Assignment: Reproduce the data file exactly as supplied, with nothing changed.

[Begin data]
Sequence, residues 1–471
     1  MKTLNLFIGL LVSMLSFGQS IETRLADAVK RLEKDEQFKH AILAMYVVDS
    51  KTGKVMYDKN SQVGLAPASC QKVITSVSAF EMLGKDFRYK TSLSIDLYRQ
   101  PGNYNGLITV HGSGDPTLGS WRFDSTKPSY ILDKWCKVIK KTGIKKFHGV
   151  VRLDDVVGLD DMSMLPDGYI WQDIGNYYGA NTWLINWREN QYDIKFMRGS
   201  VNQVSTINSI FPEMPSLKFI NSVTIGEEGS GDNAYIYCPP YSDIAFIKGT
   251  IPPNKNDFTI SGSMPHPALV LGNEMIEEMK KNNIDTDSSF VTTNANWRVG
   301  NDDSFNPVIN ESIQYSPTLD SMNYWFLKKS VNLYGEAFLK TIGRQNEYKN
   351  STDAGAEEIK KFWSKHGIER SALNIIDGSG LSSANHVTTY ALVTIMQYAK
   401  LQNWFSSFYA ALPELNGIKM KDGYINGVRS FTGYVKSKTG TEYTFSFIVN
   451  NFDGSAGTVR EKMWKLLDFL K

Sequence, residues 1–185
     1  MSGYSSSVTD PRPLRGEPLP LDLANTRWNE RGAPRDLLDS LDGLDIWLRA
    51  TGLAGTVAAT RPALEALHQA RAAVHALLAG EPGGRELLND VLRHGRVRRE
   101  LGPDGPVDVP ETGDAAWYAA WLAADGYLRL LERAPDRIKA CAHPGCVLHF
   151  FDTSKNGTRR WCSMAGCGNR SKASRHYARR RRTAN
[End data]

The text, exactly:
Sequence, residues 1–471
     1  MKTLNLFIGL LVSMLSFGQS IETRLADAVK RLEKDEQFKH AILAMYVVDS
    51  KTGKVMYDKN SQVGLAPASC QKVITSVSAF EMLGKDFRYK TSLSIDLYRQ
   101  PGNYNGLITV HGSGDPTLGS WRFDSTKPSY ILDKWCKVIK KTGIKKFHGV
   151  VRLDDVVGLD DMSMLPDGYI WQDIGNYYGA NTWLINWREN QYDIKFMRGS
   201  VNQVSTINSI FPEMPSLKFI NSVTIGEEGS GDNAYIYCPP YSDIAFIKGT
   251  IPPNKNDFTI SGSMPHPALV LGNEMIEEMK KNNIDTDSSF VTTNANWRVG
   301  NDDSFNPVIN ESIQYSPTLD SMNYWFLKKS VNLYGEAFLK TIGRQNEYKN
   351  STDAGAEEIK KFWSKHGIER SALNIIDGSG LSSANHVTTY ALVTIMQYAK
   401  LQNWFSSFYA ALPELNGIKM KDGYINGVRS FTGYVKSKTG TEYTFSFIVN
   451  NFDGSAGTVR EKMWKLLDFL K

Sequence, residues 1–185
     1  MSGYSSSVTD PRPLRGEPLP LDLANTRWNE RGAPRDLLDS LDGLDIWLRA
    51  TGLAGTVAAT RPALEALHQA RAAVHALLAG EPGGRELLND VLRHGRVRRE
   101  LGPDGPVDVP ETGDAAWYAA WLAADGYLRL LERAPDRIKA CAHPGCVLHF
   151  FDTSKNGTRR WCSMAGCGNR SKASRHYARR RRTAN